March 15, 2011 Leave a comment
The work on naive theories of intelligence (see: Carol Dweck and her academia-tree) demonstrates how the belief that intelligence is malleable leads to improvements in student motivation, persistence, and grades. A recent study by David Miele, Brigid Finn, and Dan Molden helps explain the mechanism through which this happens. They investigated how beliefs about intelligence affect whether people use the easily learned = easily remembered (ELER) heuristic to evaluate their learning:
We conducted two experiments in which participants studied word lists and then predicted their future recall of those items. Results revealed that subjects who viewed intelligence as fixed, and who tended to interpret effortful encoding as indicating that they had reached the limits of their ability, used the ELER heuristic to make judgments of learning. However, subjects who viewed intelligence as malleable, and who tended to interpret effortful encoding as indicating greater engagement in learning, did not use the ELER heuristic and at times predicted greater memory for items that they found more effortful to learn.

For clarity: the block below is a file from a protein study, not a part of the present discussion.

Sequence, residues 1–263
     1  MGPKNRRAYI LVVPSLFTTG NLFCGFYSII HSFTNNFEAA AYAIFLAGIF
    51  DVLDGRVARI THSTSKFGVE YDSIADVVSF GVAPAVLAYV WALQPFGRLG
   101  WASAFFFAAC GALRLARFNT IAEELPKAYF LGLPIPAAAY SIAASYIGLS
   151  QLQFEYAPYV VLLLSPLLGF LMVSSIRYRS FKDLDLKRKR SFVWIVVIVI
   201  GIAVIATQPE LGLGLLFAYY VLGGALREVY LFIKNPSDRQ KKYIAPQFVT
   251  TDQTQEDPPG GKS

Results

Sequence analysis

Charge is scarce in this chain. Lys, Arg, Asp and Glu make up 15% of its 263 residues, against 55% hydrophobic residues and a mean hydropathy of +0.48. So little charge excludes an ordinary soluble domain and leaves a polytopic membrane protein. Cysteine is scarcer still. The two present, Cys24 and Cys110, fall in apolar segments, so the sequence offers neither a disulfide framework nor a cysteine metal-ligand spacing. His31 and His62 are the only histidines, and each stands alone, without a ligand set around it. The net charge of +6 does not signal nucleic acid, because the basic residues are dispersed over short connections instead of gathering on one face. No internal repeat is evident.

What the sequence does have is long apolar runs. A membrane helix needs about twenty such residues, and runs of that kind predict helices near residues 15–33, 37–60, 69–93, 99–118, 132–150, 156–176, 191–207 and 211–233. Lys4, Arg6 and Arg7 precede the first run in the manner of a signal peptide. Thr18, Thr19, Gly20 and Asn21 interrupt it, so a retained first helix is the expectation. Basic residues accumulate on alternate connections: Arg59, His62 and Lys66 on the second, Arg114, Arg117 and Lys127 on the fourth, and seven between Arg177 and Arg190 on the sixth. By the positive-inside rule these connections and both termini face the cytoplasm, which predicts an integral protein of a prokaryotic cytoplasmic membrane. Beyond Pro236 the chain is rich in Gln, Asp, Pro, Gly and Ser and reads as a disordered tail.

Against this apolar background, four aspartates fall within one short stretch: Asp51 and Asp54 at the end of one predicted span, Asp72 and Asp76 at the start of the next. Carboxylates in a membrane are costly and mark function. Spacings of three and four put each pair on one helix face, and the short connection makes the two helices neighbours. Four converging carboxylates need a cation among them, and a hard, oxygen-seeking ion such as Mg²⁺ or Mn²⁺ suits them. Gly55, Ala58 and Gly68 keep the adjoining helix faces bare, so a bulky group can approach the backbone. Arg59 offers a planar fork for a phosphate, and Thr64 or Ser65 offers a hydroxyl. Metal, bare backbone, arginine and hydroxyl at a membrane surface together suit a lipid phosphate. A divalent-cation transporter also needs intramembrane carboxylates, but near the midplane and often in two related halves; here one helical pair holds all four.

Essentially, people who viewed intelligence as fixed believed that increased effort was a signal learning had stopped. On the other hand, those who viewed intelligence as malleable believed that increased effort signaled greater learning was taking place. The finding helps shed some light on why students with incremental theories of intelligence are more likely to persist in the face of difficulty.